Friday, November 12, 2010

JDIZZY's 365 # 185: Nightswimming

Nightswimming - R.E.M. (1992)

I understand the importance of Athens, Ga's finest sons' early work. I appreciate their commercial breakthroughs of Document, Green and Out Of Time. Monster and New Adventures In High-Fi were released when I was in high school, so they take me back to a special time. Their later work, while dropping slightly in critical favor and quality, are still better songs than bands like Nickelback will ever put out.......... You've noticed I've left something out? Here's my explanation. I believe that everything R.E.M. released prior to Automatic For The People was building up to that moment. It is a rarity even among "perfect" albums because it stuns the listener with just how perfect it is. Nothing is out of place The album flows smoothly like the river we must find in the final track. Along the way we meet angsty teens, sidewinders, assisted suicide patients, Andy Kaufman and Montgomery Clift. Only one obstruction stops us on this serene and powerful journey: What Chris Martin called the greatest song ever written. "Nightswimming" is nostalgia for a time that was sacred. It's not that now is bad, just that for a brief time in the past, life was everything we knew it could be. Maybe we are far removed, maybe we are completely different people now, but those memories always come back. It's not a bad thing. We welcome our reflection of them. We will always hold them in our minds, hearts and spirit. Michael Stipe captures this with Mike Mills' repeating piano phrase and John Paul Jones' beautiful string arrangement. It is an eternity removed from "Radio Free Europe", as well as "Imatation Of Life". Although it comes as the next to last track, it is the centerpiece of their greatest work. They never needed to record anything else. The fact that they did just shows what a remarkable bunch of fellows R.E.M. really are.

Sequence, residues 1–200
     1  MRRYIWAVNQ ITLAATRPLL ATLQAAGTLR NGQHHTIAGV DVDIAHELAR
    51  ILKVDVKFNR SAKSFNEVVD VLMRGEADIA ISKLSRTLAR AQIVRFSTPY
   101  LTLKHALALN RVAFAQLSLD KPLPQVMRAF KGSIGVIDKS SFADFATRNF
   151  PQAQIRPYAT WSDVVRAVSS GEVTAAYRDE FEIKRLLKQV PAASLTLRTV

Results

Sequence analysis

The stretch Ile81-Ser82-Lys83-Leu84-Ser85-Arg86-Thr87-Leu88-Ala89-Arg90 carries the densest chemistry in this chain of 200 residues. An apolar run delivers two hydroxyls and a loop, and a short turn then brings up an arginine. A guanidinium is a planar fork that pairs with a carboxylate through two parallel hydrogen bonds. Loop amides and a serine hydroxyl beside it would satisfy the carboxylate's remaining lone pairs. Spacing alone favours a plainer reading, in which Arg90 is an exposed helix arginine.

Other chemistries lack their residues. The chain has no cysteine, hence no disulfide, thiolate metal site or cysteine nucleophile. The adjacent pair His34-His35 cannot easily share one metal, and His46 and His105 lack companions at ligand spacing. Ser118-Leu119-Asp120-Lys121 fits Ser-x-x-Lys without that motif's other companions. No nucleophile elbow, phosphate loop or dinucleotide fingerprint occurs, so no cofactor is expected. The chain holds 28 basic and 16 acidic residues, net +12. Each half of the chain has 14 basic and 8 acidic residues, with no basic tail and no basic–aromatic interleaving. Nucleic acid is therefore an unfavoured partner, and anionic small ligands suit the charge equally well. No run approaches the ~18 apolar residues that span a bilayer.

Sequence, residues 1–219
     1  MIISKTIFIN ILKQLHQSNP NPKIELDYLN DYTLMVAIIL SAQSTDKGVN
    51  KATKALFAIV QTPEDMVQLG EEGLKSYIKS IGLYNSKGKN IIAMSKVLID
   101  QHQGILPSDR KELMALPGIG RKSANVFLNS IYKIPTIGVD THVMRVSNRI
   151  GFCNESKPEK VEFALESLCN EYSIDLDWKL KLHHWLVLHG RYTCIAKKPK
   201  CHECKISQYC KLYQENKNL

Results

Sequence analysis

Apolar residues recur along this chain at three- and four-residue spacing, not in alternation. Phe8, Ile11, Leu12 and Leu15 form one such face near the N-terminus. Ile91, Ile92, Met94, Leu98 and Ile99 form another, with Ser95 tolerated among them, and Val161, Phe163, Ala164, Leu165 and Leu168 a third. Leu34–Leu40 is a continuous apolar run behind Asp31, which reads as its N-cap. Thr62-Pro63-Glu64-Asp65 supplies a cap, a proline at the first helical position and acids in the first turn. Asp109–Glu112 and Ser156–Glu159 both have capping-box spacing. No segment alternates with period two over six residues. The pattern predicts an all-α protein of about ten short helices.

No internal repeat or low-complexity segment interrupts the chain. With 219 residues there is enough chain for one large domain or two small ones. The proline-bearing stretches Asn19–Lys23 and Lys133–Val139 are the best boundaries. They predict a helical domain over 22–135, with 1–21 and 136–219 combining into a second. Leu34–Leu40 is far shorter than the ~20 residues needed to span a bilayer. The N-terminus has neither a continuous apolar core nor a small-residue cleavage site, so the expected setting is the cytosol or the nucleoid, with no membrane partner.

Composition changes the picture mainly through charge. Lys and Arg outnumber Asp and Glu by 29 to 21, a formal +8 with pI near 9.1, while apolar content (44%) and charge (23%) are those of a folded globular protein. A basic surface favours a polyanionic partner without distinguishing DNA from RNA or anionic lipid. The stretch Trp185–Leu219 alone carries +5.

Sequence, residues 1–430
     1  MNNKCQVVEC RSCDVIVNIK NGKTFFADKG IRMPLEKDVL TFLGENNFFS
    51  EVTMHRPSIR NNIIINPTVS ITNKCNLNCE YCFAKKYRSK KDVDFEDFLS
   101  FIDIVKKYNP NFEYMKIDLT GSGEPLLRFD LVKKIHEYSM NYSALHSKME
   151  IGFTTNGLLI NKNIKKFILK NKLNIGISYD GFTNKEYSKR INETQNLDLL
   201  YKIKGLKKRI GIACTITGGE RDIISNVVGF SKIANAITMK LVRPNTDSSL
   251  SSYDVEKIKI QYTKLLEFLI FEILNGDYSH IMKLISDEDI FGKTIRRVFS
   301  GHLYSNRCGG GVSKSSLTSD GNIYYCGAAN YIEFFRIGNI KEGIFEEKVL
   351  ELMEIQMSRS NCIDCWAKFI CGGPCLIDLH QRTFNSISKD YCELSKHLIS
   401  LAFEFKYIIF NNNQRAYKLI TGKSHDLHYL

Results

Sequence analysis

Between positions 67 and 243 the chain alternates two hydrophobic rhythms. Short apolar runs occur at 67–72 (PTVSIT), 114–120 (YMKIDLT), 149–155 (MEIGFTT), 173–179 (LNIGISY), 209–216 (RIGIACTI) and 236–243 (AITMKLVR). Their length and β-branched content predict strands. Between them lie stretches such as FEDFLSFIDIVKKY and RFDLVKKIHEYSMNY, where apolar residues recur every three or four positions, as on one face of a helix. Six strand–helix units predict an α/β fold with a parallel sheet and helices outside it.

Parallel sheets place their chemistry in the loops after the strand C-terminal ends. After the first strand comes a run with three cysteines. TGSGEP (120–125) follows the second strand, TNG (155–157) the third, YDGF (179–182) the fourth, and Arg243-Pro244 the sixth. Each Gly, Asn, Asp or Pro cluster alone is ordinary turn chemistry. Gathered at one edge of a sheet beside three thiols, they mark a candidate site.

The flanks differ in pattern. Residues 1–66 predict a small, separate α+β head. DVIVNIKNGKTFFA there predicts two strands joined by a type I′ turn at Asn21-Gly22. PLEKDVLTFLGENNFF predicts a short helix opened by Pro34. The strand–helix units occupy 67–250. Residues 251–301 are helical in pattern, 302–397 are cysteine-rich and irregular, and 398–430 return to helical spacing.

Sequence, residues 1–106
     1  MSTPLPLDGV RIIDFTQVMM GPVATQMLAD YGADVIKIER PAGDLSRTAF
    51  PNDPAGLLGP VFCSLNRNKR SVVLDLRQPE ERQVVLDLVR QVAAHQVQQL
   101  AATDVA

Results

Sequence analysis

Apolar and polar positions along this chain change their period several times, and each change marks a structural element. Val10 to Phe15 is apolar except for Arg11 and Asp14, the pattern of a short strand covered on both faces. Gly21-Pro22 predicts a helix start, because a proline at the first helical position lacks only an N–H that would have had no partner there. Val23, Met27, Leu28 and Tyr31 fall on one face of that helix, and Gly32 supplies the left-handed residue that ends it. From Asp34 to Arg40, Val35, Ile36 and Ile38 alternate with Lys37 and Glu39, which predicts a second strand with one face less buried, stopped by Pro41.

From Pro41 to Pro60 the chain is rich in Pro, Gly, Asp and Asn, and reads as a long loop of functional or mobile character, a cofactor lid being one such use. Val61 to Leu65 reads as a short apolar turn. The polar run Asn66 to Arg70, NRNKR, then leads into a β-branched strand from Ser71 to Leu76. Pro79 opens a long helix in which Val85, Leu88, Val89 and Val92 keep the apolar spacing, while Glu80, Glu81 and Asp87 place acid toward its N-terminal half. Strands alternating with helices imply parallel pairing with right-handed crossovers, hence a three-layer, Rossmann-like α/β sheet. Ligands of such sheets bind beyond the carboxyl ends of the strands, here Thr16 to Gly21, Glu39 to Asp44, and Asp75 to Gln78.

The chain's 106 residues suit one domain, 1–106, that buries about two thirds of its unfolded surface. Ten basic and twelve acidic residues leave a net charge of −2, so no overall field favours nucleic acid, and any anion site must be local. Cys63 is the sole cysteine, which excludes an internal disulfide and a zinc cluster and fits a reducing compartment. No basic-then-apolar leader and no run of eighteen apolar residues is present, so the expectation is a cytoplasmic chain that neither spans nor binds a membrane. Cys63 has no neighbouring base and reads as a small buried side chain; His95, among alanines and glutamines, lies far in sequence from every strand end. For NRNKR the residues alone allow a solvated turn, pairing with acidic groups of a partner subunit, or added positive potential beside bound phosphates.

Harry, you truly have infiltrated every aspect of my life, including this beautiful song!

Just a beautiful cover with looping pedals, no less!


  1. I was always afraid to admit this was my fave REM album. No longer! I think it was just so contextual for the time.

  2. I agree. Automatic just captured a moment for them that I don't think can ever be any band. It makes me sad, happy, nostalgic and excited for the future all at once.